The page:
Medscheme, South Africa’s largest manager of medical schemes, has recovered over R107m claimed fraudulently and through waste or abuse and more than R300m in reduced claims through forensic interventions, the company said. “Using the company’s robust data analytics system, Medscheme was able to identify claims that fell outside the average patterns. Investigations into these claims confirmed fraud and abuse,” Anthony Pedersen, CEO of Medscheme, a subsidiary of AfroCentric Group is quoted in an IoL report as saying.
Pedersen urged customers to take an interest in, and thoroughly examine their statements as well as understand what service their medical schemes were being charged for. “We received more than 1,500 calls from whistle-blowers alerting us of potential fraudulent, wasteful, or abusive conduct committed against medical aid funds. This is important, as ultimately the customer pays for the fraud, waste, and abuse or any increasing costs through high annual increases of the premiums,” Pedersen said.
“It is a pity that as long as a medical scheme continues to pay, patients never ask whether the physiotherapist or dietician at the hospital was actually a necessary expense to incur or if the pharmacist has dispensed the generic but claimed for the more expensive original, or if your medical scheme also paid for that pathology account you keep getting in the mail,” he said.
Fraud, waste, and abuse were defined as intentional deception or misrepresentation that a person knew to be false or did not believe to be true, misreporting data to increase payments, paying kickbacks to providers for referring patients for specific services or to certain entities, or stealing providers’ or patients’ identities.
The report says Medscheme administers both open and closed medical schemes. The company’s data analytical capabilities enabled it to not only provide strong end to end health administration and managed care, but also to deal with fraud. The software detected irregular claims and ensured only valid healthcare claims were paid to healthcare providers and facilities.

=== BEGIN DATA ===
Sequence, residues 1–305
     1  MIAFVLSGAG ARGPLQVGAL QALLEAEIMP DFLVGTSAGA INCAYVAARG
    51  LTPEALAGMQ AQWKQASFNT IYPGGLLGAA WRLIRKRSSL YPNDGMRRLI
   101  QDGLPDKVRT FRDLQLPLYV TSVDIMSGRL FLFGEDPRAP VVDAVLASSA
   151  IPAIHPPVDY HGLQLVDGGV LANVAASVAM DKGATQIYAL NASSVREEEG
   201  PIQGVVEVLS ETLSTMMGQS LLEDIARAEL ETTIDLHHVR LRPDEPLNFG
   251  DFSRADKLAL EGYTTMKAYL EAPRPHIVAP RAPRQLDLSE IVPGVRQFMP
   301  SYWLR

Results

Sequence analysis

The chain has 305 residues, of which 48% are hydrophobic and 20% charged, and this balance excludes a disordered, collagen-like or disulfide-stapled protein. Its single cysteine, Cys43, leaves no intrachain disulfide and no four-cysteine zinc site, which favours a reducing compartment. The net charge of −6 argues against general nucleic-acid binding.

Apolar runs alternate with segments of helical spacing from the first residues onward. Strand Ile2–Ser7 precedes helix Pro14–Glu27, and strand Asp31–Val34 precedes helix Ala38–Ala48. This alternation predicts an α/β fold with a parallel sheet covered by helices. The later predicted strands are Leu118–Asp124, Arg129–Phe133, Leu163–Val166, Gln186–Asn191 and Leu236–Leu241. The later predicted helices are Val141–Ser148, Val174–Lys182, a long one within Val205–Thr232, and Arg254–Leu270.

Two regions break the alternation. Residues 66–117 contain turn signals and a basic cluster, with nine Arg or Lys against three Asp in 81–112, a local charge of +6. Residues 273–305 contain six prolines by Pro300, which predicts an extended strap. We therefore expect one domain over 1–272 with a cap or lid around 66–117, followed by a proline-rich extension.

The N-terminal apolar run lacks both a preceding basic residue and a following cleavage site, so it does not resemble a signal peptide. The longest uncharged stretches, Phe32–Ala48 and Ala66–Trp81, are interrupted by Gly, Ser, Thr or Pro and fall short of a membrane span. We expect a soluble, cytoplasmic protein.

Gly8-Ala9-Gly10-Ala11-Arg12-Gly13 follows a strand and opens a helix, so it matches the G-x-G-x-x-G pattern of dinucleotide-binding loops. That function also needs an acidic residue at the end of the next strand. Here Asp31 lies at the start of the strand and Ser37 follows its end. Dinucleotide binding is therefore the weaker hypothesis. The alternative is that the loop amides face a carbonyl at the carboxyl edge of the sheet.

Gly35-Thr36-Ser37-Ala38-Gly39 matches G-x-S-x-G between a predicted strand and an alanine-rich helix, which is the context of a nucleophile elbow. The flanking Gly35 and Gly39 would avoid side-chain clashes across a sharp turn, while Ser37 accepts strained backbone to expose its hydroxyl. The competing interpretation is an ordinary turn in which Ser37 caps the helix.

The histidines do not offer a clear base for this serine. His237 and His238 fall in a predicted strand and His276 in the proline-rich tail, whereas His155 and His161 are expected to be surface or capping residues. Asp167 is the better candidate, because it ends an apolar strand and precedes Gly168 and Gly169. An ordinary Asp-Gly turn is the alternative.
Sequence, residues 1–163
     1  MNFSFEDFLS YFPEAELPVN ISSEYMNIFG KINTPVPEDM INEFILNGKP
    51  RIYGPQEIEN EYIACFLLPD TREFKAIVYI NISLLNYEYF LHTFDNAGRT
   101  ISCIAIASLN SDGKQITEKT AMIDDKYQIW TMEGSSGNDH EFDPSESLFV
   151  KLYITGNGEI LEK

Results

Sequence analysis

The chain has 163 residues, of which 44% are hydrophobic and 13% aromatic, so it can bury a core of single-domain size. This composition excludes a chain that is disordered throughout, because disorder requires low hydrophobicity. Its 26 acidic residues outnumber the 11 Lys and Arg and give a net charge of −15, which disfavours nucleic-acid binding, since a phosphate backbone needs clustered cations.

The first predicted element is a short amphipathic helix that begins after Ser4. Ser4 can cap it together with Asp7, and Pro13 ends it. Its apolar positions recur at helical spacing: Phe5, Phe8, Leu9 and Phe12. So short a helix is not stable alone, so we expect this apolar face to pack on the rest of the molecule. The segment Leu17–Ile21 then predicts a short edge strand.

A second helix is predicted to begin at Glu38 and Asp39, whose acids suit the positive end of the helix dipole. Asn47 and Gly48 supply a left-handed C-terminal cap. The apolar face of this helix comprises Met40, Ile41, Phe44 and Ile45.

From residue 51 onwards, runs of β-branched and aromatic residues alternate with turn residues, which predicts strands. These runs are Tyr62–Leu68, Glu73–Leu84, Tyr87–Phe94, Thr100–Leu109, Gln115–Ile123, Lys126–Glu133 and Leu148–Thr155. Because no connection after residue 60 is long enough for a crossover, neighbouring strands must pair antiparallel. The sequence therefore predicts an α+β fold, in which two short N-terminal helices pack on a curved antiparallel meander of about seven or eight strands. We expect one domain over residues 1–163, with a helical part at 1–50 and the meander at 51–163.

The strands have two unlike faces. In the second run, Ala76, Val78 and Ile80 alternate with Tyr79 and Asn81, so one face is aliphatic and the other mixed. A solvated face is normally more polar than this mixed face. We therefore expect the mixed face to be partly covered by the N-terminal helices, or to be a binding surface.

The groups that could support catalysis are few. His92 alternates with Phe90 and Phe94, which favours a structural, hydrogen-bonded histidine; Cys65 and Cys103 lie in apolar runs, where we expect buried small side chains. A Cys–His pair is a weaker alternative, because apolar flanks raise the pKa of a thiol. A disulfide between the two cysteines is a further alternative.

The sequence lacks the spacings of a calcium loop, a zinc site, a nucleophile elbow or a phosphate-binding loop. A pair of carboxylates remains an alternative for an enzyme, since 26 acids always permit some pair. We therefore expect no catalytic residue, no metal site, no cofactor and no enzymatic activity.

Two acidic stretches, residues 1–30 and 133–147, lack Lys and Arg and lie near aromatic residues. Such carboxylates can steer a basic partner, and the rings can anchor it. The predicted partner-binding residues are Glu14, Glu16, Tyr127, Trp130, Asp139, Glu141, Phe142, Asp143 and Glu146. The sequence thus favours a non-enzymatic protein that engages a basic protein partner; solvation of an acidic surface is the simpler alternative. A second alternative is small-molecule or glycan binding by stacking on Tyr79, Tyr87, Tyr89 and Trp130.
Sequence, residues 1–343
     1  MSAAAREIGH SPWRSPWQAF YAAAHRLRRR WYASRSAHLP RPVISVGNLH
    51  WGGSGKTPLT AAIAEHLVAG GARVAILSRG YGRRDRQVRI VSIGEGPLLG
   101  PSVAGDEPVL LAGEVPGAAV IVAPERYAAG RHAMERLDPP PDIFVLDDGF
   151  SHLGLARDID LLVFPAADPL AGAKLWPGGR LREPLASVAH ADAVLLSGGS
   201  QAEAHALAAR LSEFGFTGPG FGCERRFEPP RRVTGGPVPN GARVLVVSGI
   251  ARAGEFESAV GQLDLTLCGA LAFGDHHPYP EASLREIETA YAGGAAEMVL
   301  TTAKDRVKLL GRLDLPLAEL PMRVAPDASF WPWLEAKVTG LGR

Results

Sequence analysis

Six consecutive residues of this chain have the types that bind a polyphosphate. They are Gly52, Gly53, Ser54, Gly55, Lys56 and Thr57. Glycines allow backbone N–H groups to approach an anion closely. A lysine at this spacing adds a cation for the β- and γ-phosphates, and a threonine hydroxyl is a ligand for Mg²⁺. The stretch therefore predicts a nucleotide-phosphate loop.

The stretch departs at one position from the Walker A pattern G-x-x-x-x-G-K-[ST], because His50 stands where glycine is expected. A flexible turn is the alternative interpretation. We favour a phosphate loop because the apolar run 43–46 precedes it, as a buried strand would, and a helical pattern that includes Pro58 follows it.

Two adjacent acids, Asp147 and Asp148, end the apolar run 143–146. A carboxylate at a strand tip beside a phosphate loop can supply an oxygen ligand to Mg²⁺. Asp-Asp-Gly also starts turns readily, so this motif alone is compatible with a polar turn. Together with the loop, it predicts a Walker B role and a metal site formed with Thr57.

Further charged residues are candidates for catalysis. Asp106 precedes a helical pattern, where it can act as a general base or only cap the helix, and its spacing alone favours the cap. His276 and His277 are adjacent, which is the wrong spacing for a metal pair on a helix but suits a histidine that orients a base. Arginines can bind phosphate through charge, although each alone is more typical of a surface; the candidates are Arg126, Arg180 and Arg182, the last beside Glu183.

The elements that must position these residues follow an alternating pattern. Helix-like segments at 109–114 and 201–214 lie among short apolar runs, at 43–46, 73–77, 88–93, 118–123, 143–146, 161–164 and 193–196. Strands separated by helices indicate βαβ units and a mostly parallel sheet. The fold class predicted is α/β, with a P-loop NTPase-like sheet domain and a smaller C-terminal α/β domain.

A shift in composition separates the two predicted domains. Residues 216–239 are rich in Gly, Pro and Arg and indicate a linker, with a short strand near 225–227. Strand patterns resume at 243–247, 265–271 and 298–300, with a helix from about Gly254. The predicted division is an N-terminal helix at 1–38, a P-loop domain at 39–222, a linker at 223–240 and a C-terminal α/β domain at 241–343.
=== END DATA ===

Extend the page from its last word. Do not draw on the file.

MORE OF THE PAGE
With 13 forensic clients and over 1.8m lives on a single analytical platform, Medscheme enjoyed strong insight into the claiming patterns and behaviour of any healthcare provider, pharmacy, or hospital in the country, Pedersen said.
According to the Board of Healthcare Funders, it was estimated that at least 10% to 15% of all claims were fraudulent, abusive, or wasteful in nature, a substantial expense in a R150bn industry.
According to the report, Pedersen urged members of medical aid schemes to help ensure that they did not become victims of medical aid fraud, waste and abuse by: treating the medical aid number like a credit card. Never give it out over the phone unless you initiated the call. If the card is lost or stolen, report it immediately to the scheme; not to accept free medical services or equipment in exchange for a medical aid number. Unscrupulous companies or individuals could use this number to bill for services or products you did not receive; review medical aid statements closely and keep a watch for services paid for but never received; and if one suspects fraud, report it immediately.
“Every person who pays for healthcare benefits, every business that pays higher insurance costs to cover their employees, and everyone who pays medical aid is a victim,” Pedersen is quoted in the report as saying.
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